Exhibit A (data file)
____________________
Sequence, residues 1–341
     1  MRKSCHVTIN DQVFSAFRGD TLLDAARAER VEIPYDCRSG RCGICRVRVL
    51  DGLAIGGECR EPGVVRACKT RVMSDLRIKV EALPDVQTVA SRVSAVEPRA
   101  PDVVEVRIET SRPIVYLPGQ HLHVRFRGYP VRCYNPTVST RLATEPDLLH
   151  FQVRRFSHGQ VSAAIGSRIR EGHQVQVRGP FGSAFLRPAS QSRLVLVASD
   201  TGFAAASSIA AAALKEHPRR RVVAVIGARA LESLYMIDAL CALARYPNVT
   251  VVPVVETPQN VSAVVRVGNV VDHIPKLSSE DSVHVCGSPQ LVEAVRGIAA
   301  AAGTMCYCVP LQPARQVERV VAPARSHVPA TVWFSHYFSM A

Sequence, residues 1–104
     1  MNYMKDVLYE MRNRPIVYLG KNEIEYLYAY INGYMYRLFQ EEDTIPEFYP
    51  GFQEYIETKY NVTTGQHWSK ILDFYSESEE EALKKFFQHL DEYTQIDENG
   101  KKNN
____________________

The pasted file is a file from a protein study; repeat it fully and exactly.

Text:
Sequence, residues 1–341
     1  MRKSCHVTIN DQVFSAFRGD TLLDAARAER VEIPYDCRSG RCGICRVRVL
    51  DGLAIGGECR EPGVVRACKT RVMSDLRIKV EALPDVQTVA SRVSAVEPRA
   101  PDVVEVRIET SRPIVYLPGQ HLHVRFRGYP VRCYNPTVST RLATEPDLLH
   151  FQVRRFSHGQ VSAAIGSRIR EGHQVQVRGP FGSAFLRPAS QSRLVLVASD
   201  TGFAAASSIA AAALKEHPRR RVVAVIGARA LESLYMIDAL CALARYPNVT
   251  VVPVVETPQN VSAVVRVGNV VDHIPKLSSE DSVHVCGSPQ LVEAVRGIAA
   301  AAGTMCYCVP LQPARQVERV VAPARSHVPA TVWFSHYFSM A

Sequence, residues 1–104
     1  MNYMKDVLYE MRNRPIVYLG KNEIEYLYAY INGYMYRLFQ EEDTIPEFYP
    51  GFQEYIETKY NVTTGQHWSK ILDFYSESEE EALKKFFQHL DEYTQIDENG
   101  KKNN